The Tories, from Winston Churchill to David Cameron – by Timothy Heppel
Timothy Heppel, The Tories, from Winston Churchill to David Cameron. London: Bloomsbury, 2014, 202 pp., $110, paperback $16.99, Kindle edition $27.99.
An absorbing though densely written volume, this detailed political science narrative assesses personalities and both ideological and policy trends in the Conservative Party’s leadership since 1945. The book is divided into five main chapters and Churchill appears only briefly in the first (with the end of his wartime government and the 1951-55 administration) and then fades from view. For this reason it is of limited importance to Churchill scholars, though it reflects thoughtfully on how his successors handled his legacy.
Part one takes the story from Churchill through Eden and Macmillan and 1964, part two to Ted Heath and the lead-up to Margaret Thatcher, part three covers Thatcher’s years heading the party (1975-1992). The fourth part covers John Major and the adherence to or departure from Thatcherism. The final part centers on the Tony Blair Labour government and the Conservative-Liberal Democrat coalition. A brief conclusion sums up the main themes.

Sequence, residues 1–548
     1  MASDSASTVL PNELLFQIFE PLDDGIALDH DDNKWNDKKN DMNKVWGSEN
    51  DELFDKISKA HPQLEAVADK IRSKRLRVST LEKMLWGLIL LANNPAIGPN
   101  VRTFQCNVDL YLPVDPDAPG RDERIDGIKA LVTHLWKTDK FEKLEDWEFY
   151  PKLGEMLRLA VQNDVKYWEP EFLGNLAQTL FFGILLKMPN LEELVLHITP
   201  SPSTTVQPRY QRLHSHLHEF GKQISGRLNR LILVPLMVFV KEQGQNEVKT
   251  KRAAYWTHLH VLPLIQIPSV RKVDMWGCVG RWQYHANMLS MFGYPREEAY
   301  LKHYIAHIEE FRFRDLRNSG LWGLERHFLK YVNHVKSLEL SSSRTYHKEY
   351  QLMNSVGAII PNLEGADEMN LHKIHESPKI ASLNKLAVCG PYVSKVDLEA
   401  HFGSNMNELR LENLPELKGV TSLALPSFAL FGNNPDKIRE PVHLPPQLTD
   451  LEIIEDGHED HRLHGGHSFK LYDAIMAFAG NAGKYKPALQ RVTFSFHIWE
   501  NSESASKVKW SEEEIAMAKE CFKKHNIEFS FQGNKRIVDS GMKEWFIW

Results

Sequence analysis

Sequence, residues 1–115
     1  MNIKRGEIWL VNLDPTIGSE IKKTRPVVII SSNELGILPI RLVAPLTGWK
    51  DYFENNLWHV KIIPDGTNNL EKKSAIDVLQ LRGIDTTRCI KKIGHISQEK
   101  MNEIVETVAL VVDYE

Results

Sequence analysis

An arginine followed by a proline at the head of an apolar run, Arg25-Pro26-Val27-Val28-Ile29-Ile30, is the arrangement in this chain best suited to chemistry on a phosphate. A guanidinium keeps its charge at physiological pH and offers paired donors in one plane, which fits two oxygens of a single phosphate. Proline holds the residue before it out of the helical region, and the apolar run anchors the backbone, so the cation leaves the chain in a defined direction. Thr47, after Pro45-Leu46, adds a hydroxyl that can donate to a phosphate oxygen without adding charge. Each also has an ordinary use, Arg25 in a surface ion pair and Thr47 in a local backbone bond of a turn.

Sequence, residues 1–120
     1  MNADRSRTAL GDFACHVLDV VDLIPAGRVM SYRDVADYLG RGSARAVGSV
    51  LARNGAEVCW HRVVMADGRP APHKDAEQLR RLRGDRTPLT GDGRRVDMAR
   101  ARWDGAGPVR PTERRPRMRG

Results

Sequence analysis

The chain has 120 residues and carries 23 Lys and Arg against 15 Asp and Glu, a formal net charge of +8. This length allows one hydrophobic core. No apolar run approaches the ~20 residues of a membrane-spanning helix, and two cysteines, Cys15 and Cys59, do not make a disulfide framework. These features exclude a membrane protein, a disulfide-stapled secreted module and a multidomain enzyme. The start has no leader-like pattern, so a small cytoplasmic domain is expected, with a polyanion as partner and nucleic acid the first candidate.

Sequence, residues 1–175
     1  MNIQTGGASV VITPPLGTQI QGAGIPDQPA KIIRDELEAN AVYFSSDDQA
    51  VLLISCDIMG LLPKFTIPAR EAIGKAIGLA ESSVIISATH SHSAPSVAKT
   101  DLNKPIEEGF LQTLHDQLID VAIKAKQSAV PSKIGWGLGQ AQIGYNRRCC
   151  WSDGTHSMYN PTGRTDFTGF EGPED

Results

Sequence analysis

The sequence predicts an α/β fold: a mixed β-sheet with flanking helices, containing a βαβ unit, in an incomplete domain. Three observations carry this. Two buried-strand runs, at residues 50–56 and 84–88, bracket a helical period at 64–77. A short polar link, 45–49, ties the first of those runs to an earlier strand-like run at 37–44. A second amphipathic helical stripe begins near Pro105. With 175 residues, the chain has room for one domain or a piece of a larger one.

This work is best approached with some previous knowledge of how parties operate within the British parliamentary system, because the author assumes such knowledge of his readers. The table of election results is of value particularly to non-British readers, though the same figures are easily available online.
Heppel provides a wealth of information, drawing from an array of previous academic and political studies up through the 2010 election that ended with David Cameron’s coalition government in Downing Street. In places, the “behind the curtain” sense of watching people’s roles as events unfold (and knowing, as the participants did not, the outcome) is almost palpable. Using the historical context provided here, one wonders how the author would assess the surprisingly comprehensive 2015 Tory victory.
Heppell teaches politics at the University of Leeds and has at least three prior books to his credit, two of them focusing as this one does on aspects of modern Tory leadership. The Labour Party plays a supporting role in this drama, with the author comparing and contrasting party lines and approaches over the years. Bottom line: This is well worth reading for the light it sheds on internal leadership battles over ideology, people and policies.